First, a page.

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Linq Entity Caching

05 Jan

Okay, so here is a very brief example of caching a linq entity and the big gotcha. Below is a very simple example of a FindById function with caching.  We are using are using Velocity/AppFabric for our base cache manager and it is wrapped up with some custom code to aid in the “gets” and “puts”. There are a different ways to approach caching with linq (e.g. caching the query, results of query, etc.) but in this simple case we get the cache key as the only parameter on the function so we’ll just do a dead simple implementation of caching the result of the query. When I first looked to implement caching on this guy I thought “hey this will be super easy and will provide a lot of performance gain!”  So the first try looked like this.

public static Item FindById(Guid id)
{
    Item item = (Item)DataCache.Get(id, Region.LinqItemManager);
    if (item == null)
    {
        item = DataContext.Items.Where(i => i.ID == id).FirstOrDefault();
        DataCache.Put(id, item, Region.LinqItemManager);
    }
    return item;
}

“Man that was easy! So clean and simple, man I’m a good dev! Test it? What? Why? That is some good stuff right there!…..Oh, I didn’t see that coming…”

As it turned out in the DBML Item has many properties and a few associations, one of which is an association to Catalog. Well during a certain code path when we call FindById() and cache that Item, we never referenced Item.Catalog. On a subsequent call to FindById() for the same ID we pulled the cached version  and tried to reference Item.Catalog and it was null. Okay I seem to remember something about serializing a linq entity will cause it to become disconnected from its original context. And that makes a lot of sense in a web app where the context only exists for the life of the request but the linq object is living in a cache. Okay, so I need to re-connect it to a context so the associations will work again.  Attach() is your friend, but your friend is a snob.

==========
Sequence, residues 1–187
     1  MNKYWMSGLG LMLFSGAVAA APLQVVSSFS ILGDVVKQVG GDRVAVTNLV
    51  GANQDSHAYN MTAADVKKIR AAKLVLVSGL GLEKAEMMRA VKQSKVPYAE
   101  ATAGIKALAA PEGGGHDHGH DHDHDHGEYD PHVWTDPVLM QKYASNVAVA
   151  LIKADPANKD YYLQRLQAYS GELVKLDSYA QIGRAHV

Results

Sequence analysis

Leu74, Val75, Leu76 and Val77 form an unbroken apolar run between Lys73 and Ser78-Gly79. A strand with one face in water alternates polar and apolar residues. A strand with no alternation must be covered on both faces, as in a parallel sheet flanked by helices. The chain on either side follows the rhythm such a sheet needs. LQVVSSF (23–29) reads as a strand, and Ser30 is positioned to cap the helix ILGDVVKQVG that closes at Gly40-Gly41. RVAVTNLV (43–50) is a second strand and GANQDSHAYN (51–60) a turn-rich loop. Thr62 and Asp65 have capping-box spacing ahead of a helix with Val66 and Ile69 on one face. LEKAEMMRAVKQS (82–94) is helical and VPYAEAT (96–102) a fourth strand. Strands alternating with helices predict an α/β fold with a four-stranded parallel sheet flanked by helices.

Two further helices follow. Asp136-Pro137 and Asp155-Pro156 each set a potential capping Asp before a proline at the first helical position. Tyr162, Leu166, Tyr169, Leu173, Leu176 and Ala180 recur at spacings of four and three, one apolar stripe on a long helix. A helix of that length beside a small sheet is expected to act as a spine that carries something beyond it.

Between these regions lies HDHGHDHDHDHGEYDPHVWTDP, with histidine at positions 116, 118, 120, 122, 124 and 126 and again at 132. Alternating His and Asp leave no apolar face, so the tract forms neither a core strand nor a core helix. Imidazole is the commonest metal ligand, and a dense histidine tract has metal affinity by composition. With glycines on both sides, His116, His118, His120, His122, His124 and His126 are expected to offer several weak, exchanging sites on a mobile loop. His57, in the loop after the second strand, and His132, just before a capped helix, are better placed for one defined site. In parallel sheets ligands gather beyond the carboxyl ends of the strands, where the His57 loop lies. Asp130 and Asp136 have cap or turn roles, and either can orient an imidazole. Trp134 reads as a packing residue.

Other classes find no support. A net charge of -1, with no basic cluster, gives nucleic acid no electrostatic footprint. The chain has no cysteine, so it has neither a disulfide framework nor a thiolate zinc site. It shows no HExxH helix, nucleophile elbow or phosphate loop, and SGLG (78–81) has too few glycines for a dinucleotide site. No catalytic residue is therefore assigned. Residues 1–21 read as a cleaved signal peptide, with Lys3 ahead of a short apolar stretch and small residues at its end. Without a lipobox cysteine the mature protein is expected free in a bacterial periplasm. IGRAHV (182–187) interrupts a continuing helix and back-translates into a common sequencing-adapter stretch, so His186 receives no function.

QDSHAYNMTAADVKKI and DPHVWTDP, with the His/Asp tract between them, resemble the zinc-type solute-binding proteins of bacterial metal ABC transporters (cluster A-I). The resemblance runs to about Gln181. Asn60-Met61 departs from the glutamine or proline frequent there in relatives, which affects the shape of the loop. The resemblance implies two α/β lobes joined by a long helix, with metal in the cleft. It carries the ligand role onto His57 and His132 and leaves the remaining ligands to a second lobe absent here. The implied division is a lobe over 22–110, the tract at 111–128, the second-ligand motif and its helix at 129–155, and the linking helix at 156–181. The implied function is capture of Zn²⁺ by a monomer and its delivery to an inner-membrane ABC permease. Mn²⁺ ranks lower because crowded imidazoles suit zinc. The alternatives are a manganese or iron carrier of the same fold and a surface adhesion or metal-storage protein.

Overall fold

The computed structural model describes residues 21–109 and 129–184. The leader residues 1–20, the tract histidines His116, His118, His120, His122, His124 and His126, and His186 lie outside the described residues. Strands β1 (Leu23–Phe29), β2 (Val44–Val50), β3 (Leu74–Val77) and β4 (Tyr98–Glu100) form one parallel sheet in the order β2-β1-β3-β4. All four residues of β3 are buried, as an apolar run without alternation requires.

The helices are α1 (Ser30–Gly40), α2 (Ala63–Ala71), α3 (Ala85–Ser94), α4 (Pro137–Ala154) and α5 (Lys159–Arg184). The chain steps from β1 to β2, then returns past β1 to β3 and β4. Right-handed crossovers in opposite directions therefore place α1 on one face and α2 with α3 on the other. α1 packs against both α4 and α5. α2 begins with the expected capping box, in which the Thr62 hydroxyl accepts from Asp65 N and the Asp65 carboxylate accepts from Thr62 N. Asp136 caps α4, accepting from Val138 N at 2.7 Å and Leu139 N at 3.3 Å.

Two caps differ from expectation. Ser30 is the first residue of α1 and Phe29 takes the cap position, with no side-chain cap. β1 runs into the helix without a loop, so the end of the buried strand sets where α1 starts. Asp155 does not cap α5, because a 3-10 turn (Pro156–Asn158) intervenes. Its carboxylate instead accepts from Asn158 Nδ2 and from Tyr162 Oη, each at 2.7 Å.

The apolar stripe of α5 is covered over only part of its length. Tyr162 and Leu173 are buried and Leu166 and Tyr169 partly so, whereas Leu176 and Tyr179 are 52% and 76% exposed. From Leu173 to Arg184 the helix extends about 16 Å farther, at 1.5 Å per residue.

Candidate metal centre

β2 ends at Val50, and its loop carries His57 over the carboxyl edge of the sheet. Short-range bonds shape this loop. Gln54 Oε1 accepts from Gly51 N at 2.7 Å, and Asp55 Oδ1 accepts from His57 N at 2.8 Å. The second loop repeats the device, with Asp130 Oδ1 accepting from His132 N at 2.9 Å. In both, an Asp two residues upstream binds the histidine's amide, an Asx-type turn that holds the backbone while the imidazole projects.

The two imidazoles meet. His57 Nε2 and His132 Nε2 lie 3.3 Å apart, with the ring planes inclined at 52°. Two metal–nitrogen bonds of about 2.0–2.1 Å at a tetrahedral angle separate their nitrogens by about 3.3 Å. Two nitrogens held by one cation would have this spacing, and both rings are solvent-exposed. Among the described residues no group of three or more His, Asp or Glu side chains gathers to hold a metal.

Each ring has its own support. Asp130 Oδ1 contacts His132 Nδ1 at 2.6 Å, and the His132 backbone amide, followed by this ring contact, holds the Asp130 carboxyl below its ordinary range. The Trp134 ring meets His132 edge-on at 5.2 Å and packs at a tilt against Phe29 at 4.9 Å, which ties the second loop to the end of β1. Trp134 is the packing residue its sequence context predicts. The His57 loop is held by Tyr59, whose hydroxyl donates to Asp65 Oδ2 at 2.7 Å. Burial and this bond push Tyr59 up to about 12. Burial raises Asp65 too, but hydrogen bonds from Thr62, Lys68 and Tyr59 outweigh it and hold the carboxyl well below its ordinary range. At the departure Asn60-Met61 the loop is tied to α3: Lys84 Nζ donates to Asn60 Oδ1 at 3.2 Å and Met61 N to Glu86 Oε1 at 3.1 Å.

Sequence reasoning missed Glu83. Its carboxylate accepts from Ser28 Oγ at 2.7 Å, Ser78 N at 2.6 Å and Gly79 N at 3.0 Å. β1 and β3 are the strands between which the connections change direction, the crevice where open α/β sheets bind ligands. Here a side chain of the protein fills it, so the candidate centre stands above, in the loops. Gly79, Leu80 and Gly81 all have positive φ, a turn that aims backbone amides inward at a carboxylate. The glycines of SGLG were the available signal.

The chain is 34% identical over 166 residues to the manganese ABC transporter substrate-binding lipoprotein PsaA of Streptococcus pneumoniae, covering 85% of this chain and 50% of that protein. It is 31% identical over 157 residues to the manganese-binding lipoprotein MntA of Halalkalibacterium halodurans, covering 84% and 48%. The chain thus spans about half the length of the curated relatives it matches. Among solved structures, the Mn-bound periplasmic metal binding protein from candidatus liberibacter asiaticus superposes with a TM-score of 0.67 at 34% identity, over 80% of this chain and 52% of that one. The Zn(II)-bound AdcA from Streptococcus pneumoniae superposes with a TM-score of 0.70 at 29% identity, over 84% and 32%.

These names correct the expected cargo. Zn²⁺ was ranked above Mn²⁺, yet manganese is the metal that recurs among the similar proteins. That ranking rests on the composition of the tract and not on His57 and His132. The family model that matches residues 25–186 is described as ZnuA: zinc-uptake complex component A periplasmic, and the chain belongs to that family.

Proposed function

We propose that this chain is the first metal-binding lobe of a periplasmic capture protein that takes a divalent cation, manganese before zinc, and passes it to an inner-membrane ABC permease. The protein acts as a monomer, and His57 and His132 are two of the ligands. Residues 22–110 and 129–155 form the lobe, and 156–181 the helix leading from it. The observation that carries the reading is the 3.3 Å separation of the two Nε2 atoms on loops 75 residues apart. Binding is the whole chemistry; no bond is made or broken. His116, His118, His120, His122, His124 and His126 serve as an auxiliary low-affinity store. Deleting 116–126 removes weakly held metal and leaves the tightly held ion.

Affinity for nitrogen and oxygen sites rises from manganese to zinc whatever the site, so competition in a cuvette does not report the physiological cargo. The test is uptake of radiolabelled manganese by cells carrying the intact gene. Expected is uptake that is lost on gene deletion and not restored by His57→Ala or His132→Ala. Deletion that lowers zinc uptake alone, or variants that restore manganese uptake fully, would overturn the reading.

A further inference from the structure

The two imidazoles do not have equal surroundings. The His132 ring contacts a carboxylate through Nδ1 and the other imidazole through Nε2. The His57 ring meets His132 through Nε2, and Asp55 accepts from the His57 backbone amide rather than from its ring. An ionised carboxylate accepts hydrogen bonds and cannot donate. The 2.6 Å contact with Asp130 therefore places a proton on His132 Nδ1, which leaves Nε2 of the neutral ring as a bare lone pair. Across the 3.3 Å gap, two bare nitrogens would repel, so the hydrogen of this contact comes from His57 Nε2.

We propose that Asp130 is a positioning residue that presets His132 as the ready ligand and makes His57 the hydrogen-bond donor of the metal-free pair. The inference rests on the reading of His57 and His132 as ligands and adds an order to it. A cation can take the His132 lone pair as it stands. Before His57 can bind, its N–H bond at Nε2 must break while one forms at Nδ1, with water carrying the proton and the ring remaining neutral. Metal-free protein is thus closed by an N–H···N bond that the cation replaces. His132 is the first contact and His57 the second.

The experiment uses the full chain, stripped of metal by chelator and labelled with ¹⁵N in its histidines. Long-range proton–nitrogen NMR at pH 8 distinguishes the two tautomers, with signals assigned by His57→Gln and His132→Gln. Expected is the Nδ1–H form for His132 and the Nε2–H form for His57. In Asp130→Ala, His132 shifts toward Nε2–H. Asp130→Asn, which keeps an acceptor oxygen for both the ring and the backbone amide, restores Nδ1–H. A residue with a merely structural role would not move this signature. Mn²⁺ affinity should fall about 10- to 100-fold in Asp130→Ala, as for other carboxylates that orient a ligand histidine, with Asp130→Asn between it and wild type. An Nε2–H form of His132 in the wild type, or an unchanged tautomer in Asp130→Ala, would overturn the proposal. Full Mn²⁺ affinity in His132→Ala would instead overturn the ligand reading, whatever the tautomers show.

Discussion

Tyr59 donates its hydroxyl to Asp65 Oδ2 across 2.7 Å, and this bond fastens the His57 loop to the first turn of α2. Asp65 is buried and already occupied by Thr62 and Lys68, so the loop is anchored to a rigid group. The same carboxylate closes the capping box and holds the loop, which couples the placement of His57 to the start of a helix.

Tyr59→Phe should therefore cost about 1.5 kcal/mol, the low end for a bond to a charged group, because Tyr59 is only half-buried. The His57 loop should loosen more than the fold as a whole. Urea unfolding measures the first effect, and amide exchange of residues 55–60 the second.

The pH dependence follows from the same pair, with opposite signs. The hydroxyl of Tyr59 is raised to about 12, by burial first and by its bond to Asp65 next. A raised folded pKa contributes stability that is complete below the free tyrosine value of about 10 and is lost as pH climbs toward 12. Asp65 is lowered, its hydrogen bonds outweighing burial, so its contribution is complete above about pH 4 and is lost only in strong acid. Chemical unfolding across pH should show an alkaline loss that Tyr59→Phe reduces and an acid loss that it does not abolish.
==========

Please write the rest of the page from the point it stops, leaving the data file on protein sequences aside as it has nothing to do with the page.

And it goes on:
public static Item FindById(Guid id)
{
    Item item = (Item)DataCache.Get(id, Region.LinqItemManager);
    if (item == null)
    {
        item = DataContext.Items.Where(i => i.ID == id).FirstOrDefault();
        DataCache.Put(id, item, Region.LinqItemManager);
    }
    else
    {
        DataContext.Items.Attach(item);
    }
    return item;
}

Cause that doesn’t work. You’ll get all kinds of exceptions. Like “Cannot add an entity with a key that is already in use” or “Attach or Add an entity that is not new, perhaps having been loaded from another DataContext.”  The answer: If you don’t have a “fresh” context you will continue to get exceptions like those. So just get a new context instance and it works just fine.

public static Item FindById(Guid id)
{
    Item item = (Item)DataCache.Get(id, Region.LinqItemManager);
    if (item == null)
    {
        item = DataContext.Items.Where(i => i.ID == id).FirstOrDefault();
        DataCache.Put(id, item, Region.LinqItemManager);
    }
    else
    {
        WebDataClassesDataContext context = new WebDataClassesDataContext();
        context.Items.Attach(item);
    }
    return item;
}

Cheers,
Joe

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Posted by on January 5, 2010 in Development

 

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